On LinkedIn there are typically only 2 audiences: 1) recruiters or hiring managers, and 2) your customers/clients/prospects/buyer persona. Sometimes these can either be internal to the company, or external to the company.
Regardless of the audience you are targeting, you need to think of your LinkedIn profile like a book divided into 3 parts: 1) the cover, 2) the introduction or foreward, and 3) the story. For most books, the most important factor in driving a purchase of the book is the title or book cover. Why? Because it’s what all the passer-by’s see and with a single glance they make the first determination on whether or not they will pick up the book to learn more. Though the introduction or foreward can by the next indicator to move through to a book purchase, they reason they picked up the book at all was because of the title/cover.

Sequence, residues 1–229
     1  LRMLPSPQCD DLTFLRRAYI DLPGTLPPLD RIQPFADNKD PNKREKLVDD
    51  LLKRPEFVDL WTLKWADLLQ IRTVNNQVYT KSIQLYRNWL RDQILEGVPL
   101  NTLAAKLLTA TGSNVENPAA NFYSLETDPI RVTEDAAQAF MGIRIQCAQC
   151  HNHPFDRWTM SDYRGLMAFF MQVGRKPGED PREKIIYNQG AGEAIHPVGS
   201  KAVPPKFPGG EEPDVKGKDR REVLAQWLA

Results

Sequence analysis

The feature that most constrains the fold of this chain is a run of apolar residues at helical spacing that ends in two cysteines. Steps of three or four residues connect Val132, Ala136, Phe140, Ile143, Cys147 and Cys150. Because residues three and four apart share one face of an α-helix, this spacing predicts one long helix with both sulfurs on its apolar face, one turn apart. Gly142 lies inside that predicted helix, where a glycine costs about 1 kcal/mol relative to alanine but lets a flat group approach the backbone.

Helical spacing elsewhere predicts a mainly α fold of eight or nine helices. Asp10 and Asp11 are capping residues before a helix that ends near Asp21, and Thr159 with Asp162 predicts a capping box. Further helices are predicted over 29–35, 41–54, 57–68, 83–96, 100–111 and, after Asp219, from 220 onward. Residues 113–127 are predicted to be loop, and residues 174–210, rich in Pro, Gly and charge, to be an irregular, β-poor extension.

In this context, your LinkedIn contact card would be your title or book cover. Your LinkedIn Summary is a close second and represents the intro/foreward of the book, and the remainder of your profile is the story of the book. The most important elements of your contact card is your name, photo and headline because it is these three things LinkedIn users see when they encounter your profile in their notifications or in search.
Since uploaded a professional looking photo and filling in your name is simple, your headline defaults to the most important part of your profile. Creating a good headline requires you to change it from the default headline that LinkedIn gives you.
To find out how to write a good LinkedIn summary, have a look at our latest video below.